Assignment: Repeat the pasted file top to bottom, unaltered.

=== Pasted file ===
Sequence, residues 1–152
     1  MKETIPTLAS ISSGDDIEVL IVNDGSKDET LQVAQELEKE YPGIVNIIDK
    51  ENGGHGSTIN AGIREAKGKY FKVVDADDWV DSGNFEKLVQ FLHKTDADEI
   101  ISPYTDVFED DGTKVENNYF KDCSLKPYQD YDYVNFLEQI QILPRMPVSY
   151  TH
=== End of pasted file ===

Sequence, residues 1–152
     1  MKETIPTLAS ISSGDDIEVL IVNDGSKDET LQVAQELEKE YPGIVNIIDK
    51  ENGGHGSTIN AGIREAKGKY FKVVDADDWV DSGNFEKLVQ FLHKTDADEI
   101  ISPYTDVFED DGTKVENNYF KDCSLKPYQD YDYVNFLEQI QILPRMPVSY
   151  TH